How To Run A Successful Revenue Meeting

How do you make a revenue meeting truly valuable? Who should be at the table? What metrics should you be discussing? And what objectives, KPIs and targets should you be working towards?

For many revenue teams, the weekly meeting is about showing accountability, tracking success (or failure), discussing potential opportunities and keeping the team on track for achieving forecast. But each team takes a slightly different approach to this process. And rightly so; no two hotels, or hotel companies, or hotel guests, are the same.

What’s more, in today’s ever changing digital world, the revenue meeting of today should be a lot different to the conversations you were having five or ten years ago. An ‘We’ve always done it this way’ approach simply won’t drive your bottom line. With competition now more intense than ever, innovation is the name of the game. Get your revenue team meeting regularly and always allow time for brainstorming and creativity.

We recently caught up with UK hoteliers and revenue consultants to get their take on how to run a successful revenue meeting.


For further insight, watch our Industry Insights video on How do you make a weekly revenue meeting valuable?


0-413141Jutta Moore, Managing Director, Moore Hotel Consulting

How to make it valuable is to have a really tight structure for the meeting, to not let it run away. As an example, if you have an hour, spend 10 minutes to review the macro-economic situation, so that's the situation in your city overall or in your country, depending on where you're located.

Then move onto the competition, and I would say about 15-20 minutes just to share results, look at benchmarking. Have a look at how you performed. Did you get your fair share? Then move on to your own properties’ performance. Again, 15-20 minutes, um, to review how did you fare. What worked, what didn't work? What did you decide last time?

Then move on to your selling strategy. Look at your forecast. Look at your past performance. What do you need to sell in order to achieve your targets, to achieve your budgets?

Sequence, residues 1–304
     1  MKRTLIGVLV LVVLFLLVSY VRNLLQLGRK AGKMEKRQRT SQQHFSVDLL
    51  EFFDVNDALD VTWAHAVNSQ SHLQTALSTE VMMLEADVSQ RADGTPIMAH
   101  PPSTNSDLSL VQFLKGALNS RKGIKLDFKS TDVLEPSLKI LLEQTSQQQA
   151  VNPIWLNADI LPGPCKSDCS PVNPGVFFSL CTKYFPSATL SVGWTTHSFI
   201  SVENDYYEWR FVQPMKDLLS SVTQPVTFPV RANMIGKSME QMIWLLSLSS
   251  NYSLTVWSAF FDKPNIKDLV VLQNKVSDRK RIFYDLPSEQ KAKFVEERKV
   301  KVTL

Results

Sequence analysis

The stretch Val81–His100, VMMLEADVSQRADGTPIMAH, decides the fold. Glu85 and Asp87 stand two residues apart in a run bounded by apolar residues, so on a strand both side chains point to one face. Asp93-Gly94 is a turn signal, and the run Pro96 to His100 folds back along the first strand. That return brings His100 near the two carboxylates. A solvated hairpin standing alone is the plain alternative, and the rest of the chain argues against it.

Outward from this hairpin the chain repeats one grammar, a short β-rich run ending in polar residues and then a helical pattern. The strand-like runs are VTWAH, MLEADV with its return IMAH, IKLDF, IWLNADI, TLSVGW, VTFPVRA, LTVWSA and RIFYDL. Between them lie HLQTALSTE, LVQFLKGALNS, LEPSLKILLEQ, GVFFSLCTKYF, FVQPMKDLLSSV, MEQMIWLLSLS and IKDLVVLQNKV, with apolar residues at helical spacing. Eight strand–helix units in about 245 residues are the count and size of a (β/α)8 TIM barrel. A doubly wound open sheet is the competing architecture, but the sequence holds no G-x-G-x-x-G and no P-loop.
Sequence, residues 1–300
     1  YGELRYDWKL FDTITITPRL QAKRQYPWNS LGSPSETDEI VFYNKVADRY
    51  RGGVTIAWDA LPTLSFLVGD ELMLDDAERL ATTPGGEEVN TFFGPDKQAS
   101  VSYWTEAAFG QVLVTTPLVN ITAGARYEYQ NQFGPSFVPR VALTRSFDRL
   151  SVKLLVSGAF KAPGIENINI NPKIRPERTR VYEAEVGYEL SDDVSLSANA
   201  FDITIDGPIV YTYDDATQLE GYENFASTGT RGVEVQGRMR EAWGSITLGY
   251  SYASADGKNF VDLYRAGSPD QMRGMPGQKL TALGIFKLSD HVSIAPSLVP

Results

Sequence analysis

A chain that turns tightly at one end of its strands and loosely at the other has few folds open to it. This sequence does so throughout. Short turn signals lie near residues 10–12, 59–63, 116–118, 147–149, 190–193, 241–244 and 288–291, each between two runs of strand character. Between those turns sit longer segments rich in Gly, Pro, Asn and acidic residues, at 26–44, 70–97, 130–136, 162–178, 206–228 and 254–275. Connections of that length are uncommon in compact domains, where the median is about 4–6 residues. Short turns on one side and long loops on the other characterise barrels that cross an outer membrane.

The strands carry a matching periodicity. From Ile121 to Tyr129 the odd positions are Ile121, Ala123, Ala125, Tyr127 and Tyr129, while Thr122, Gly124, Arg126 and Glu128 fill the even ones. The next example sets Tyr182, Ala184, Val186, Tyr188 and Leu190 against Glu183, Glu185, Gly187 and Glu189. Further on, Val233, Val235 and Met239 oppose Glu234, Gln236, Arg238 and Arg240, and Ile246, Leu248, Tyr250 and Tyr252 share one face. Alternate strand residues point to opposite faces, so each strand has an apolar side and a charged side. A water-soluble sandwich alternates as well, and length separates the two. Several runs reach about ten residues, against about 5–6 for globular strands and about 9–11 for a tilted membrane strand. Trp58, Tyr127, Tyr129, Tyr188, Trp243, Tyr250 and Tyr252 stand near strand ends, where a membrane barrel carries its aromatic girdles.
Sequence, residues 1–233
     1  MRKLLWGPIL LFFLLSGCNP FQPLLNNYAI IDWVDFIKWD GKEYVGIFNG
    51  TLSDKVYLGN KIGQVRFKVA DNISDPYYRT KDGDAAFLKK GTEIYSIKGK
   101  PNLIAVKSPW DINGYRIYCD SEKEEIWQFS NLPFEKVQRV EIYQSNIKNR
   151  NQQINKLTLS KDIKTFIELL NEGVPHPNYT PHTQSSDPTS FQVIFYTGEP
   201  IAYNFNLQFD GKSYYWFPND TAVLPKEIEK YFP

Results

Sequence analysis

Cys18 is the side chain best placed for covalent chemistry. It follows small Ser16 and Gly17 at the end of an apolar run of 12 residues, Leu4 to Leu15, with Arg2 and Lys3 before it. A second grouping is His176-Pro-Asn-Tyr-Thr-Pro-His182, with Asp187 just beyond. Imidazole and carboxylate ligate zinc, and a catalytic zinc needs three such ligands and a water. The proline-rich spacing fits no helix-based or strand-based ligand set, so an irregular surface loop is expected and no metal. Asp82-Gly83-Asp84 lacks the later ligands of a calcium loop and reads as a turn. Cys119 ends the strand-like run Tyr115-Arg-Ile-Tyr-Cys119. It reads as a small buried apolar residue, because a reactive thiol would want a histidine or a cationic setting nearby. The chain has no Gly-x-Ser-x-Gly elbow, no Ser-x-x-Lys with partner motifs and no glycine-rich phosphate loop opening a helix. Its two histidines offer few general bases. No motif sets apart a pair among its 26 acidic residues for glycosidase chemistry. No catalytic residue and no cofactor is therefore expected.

Make sure that the right people are in the room:

  • Revenue manager
  • Sales and marketing manager
  • Group's manager
  • Reservations' manager
  • Financial controller
  • General manager

0-1-2Andy Leung, Director of Revenue and E-Commerce, Hodson Bay Group

We're now at a stage of digital revenue management. We're not just revenue managers. We're digital revenue managers. Because everything is data driven, and revenue manages all the data.

We look at pick up and where it came from. Is it from transient or has it come from groups? If it comes from transient, then we look at our marketing campaigns. Our marketing manager would be in the room and can tell us the ROI on each campaign.

If we spotted a gap date in transient, then that's when the brainstorming happens, with the marketing manager there and then. We have a gap of 50 rooms we need to fill for next weekend. What do we need to do? What marketing campaign do we do? And what offer do we need? And that's a discussion between revenue, sales, marketing and the reservations manager.

If we're down in corporate, group segments or MICE business, then that's when sales start kicking in. What is the action plan? What do you need to go out on the road and talk to as many companies as possible? Get the RFPs in.

So, we look at pick up. We look at the pace. Where is the gap? And then for the next 12 months, we look at the pace on just room nights. Because ADR can change, but room nights never change. A room is a room. Whether you sell it for €1 or €100.

Everything we do, is data driven. It's black and white. We don't go with gut feeling.

Sarah McCay Tams, Director of Content, EMEA

Sarah joined Duetto in 2015 as a contributing editor covering Europe, Middle East & Africa (EMEA). In 2017, she was promoted to Director of Content, EMEA. An experienced B2B travel industry journalist, Sarah spent 14 years working in the Middle East, most notably as senior editor – hospitality for ITP Publishing Group in Dubai, where she headed up the editorial teams on Hotelier Middle East, Caterer Middle East and Arabian Travel News. Sarah is now based back in the UK.

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